Sunday, February 20, 2011
Words Get in the Way
Alfred Hitchcock directed a screwball comedy. Yes, it takes a moment to sink in. Although Hitch infused all of his films with touches of humor, Mr. and Mrs. Smith, released this day 75 years ago, was his only full-on comedic effort. Some sources indicate that he only did it as a favor to his good friend Carole Lombard, who starred with Robert Montgomery. Another angle has it that he pursued the project at RKO on his own. Whatever the reason, the film stands out not for its laughs but for its singularity.
Mr. and Mrs. Smith have a unique way of solving their marital problems. After a tiff, they remain sequestered in their bedroom for days until they kiss and make up. During one of their post-argument breakfasts, Ann asks her husband if he would marry her all over again. Contrary to centuries of battle-of-the-sexes wisdom, David decides to be honest, and says no. It’s not that he does not love Ann, it’s more that being single is just more fun than being married. Not long thereafter, a representative from the county in which they were married comes to tell them that due to a redistricting snafu, it wasn’t legal. Ann takes the opportunity to trim the deadwood, and David spends the rest of the film trying to win her back.
Hitchcock’s Rebecca had won the best picture Oscar in 1940, and he followed up Mr. and Mrs. Smith with Suspicion. The parts of the comedy that work best are the ones least script dependent — those that show the director in full control of the film through the images. When Ann and David decide to go to one of their favorite restaurants from early in their relationship, they find it greatly changed into a dive. They convince the proprietor to set a table outside, like it used to be, but they find themselves surrounded by staring street urchins. Ann suggests they stare back, to teach the children a lesson. One cut later, Ann and David are back inside. Another scene has the separated Ann and David each with other people at a club. David’s date is not as attractive as the woman sitting on his other side, so he pretends to chat up the beautiful woman by moving his mouth without making a sound. Unfortunately for David, Ann notices the ruse, and so does the beautiful woman’s date. Not only does David come off as rude, he looks like a total lunatic.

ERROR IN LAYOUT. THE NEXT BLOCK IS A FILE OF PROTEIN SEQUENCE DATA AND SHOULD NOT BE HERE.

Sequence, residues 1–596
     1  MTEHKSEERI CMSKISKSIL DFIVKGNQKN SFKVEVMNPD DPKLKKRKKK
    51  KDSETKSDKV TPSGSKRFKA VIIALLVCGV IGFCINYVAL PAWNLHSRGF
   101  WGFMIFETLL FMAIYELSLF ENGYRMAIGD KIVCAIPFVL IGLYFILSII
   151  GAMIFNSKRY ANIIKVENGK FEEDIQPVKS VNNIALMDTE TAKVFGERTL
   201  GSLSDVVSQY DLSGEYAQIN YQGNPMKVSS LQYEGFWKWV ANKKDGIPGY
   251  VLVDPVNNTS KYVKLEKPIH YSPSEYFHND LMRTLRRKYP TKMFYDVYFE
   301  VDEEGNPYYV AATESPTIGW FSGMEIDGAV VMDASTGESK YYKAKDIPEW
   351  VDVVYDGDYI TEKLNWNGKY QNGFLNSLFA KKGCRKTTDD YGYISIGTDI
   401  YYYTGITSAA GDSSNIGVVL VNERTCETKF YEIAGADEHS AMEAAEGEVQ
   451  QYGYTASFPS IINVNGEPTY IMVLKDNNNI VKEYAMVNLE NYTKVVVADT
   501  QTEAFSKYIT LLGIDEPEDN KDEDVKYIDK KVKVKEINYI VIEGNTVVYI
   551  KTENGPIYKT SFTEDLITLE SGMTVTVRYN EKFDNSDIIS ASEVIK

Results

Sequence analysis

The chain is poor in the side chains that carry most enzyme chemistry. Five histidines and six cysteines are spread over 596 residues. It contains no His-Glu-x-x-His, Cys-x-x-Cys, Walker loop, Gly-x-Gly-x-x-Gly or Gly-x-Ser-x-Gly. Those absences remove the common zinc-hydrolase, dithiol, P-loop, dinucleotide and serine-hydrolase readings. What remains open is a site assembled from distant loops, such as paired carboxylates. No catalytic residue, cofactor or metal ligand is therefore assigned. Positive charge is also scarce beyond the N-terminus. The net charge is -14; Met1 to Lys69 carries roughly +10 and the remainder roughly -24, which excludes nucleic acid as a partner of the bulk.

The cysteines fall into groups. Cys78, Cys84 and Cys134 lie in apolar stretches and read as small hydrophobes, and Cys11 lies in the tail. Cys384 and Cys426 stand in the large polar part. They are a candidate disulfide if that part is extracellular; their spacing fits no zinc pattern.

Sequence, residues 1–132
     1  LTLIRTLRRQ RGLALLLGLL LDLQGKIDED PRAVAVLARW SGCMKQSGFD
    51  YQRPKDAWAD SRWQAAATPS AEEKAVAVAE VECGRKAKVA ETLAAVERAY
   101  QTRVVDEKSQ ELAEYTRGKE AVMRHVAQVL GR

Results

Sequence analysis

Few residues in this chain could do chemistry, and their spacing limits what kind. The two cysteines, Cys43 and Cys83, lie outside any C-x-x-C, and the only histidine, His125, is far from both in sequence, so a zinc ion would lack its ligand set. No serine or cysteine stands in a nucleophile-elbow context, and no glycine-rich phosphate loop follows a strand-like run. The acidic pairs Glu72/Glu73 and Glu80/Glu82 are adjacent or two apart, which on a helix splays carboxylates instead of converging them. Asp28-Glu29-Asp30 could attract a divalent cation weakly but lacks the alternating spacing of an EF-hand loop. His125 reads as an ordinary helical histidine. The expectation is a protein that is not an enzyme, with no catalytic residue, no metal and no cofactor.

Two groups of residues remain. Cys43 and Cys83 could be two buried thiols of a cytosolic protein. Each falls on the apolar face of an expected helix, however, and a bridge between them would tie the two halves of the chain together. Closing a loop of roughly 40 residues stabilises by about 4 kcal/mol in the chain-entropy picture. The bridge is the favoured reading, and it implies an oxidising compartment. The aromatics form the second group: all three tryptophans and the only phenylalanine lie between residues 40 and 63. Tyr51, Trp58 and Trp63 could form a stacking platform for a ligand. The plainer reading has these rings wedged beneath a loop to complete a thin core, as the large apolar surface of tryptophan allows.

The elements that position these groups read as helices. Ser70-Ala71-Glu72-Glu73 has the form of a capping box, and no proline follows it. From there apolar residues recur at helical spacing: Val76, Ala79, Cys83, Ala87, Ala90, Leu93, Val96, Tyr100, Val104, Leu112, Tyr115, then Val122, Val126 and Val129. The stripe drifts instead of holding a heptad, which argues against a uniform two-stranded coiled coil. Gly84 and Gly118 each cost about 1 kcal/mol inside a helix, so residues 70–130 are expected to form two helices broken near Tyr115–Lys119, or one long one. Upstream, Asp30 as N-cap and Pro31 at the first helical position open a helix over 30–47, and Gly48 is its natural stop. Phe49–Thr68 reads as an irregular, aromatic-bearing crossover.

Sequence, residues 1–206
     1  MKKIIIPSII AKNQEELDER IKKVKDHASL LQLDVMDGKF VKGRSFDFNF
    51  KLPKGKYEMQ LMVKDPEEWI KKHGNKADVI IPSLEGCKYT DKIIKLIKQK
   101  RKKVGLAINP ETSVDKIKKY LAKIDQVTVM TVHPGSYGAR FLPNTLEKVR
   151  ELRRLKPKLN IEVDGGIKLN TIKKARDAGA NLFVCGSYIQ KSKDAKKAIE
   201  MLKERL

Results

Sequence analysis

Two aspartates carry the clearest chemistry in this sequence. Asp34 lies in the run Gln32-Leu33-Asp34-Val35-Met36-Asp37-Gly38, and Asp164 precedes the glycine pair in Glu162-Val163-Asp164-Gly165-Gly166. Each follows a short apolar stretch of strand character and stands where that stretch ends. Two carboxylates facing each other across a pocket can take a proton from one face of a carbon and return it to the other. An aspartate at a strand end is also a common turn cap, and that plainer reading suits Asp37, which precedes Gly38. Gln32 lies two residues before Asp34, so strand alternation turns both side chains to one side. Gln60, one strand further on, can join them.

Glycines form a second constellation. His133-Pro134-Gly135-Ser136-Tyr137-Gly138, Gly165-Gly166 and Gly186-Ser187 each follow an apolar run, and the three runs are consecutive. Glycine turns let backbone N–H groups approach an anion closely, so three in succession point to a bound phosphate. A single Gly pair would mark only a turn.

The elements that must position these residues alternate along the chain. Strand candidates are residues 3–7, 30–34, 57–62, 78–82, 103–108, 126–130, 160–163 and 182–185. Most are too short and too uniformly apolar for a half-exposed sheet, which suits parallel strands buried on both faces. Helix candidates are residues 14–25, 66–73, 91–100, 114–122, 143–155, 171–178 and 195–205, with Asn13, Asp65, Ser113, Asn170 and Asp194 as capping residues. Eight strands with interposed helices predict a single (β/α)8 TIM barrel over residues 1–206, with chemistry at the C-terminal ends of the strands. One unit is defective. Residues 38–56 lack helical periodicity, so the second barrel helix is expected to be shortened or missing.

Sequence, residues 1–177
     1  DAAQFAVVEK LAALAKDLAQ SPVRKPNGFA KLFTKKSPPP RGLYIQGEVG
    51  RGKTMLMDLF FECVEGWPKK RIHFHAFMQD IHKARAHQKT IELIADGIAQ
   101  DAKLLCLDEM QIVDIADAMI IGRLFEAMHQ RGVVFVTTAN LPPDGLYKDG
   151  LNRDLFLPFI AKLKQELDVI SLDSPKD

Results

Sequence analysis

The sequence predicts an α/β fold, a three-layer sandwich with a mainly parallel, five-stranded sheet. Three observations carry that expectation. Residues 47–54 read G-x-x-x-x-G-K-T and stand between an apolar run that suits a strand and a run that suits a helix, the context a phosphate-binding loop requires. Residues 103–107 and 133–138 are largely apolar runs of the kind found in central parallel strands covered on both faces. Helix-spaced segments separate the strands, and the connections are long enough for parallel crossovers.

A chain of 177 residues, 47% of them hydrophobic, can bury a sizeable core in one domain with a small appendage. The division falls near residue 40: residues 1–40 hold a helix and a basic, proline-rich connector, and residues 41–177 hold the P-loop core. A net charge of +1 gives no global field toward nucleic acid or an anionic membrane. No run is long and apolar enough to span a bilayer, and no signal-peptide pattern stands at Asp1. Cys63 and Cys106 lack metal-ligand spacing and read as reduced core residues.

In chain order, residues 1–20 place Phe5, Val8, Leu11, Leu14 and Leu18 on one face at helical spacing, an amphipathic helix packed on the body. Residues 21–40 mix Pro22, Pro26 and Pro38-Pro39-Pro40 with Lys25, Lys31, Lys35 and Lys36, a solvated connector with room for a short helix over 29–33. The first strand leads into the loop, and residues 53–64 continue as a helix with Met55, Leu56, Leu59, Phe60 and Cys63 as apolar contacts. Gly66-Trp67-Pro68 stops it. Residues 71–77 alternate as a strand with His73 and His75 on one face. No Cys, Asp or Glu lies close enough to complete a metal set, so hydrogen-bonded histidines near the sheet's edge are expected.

Norman Krasna, the screenwriter, manages to get in a few zingers, like when David goes to find Ann at her new job and tells the floor manager, “I’m looking for something in ladies’ lingerie.” Unfortunately though, audiences had already been introduced to His Girl Friday the previous year (What a year in film, 1940!) and Mr. and Mrs. Smith suffers by comparison. It takes a full half hour to even get to the inciting incident and longer than that to unleash the mayhem.
Although Lombard had already been dubbed “The Queen of Screwball Comedy,” she cannot rise above the script she was given because the role gives her little to do other than be angry at David. To make an unfair comparison, Barbara Stanwyck would blow audiences’ hair back with a good script in The Lady Eve one month later. Montgomery fares slightly better. For example, worried about the food in the now shady restaurant, he states, “I’d give five dollars to see that cat take a sip of that soup.” The nebbish county worker, played by Charles Halton, who travels to New York to give the Smiths their bad news (and return their $2 marriage license fee) fares best of all, but he only has one scene.
If some films are “too much of a muchness,” Mr. and Mrs Smith is “not enough of an enoughness.” Not the exemplar of a genre, not a showcase for any standout performance, not the director’s best work, it’s only interesting because it’s Alfred Hitchcock’s one screwball comedy. Even so, Hitch has a way of getting the individual moment right. David is locked out by Ann and forced to retreat to his men’s club for the night. Later we see how bad the situation has become when a room key at the club’s front desk has “David Smith” typed above it. In the hands of a master, sometimes the words get in the way.